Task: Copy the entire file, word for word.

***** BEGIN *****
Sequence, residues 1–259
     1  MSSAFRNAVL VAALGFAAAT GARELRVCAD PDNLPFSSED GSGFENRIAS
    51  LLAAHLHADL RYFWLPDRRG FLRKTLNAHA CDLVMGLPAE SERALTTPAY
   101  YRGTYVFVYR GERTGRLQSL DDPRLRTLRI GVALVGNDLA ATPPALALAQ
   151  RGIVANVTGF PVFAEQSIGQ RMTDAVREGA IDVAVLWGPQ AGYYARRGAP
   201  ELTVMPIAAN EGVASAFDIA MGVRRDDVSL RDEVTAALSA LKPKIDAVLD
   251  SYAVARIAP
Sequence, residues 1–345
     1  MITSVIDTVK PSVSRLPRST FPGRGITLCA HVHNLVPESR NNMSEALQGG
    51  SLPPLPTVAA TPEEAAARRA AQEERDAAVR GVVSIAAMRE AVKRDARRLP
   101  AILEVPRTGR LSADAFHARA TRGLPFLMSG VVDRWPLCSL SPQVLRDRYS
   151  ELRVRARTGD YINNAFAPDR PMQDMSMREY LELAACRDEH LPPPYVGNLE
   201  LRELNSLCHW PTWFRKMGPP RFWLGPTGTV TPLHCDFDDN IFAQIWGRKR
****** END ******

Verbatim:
Sequence, residues 1–259
     1  MSSAFRNAVL VAALGFAAAT GARELRVCAD PDNLPFSSED GSGFENRIAS
    51  LLAAHLHADL RYFWLPDRRG FLRKTLNAHA CDLVMGLPAE SERALTTPAY
   101  YRGTYVFVYR GERTGRLQSL DDPRLRTLRI GVALVGNDLA ATPPALALAQ
   151  RGIVANVTGF PVFAEQSIGQ RMTDAVREGA IDVAVLWGPQ AGYYARRGAP
   201  ELTVMPIAAN EGVASAFDIA MGVRRDDVSL RDEVTAALSA LKPKIDAVLD
   251  SYAVARIAP
Sequence, residues 1–345
     1  MITSVIDTVK PSVSRLPRST FPGRGITLCA HVHNLVPESR NNMSEALQGG
    51  SLPPLPTVAA TPEEAAARRA AQEERDAAVR GVVSIAAMRE AVKRDARRLP
   101  AILEVPRTGR LSADAFHARA TRGLPFLMSG VVDRWPLCSL SPQVLRDRYS
   151  ELRVRARTGD YINNAFAPDR PMQDMSMREY LELAACRDEH LPPPYVGNLE
   201  LRELNSLCHW PTWFRKMGPP RFWLGPTGTV TPLHCDFDDN IFAQIWGRKR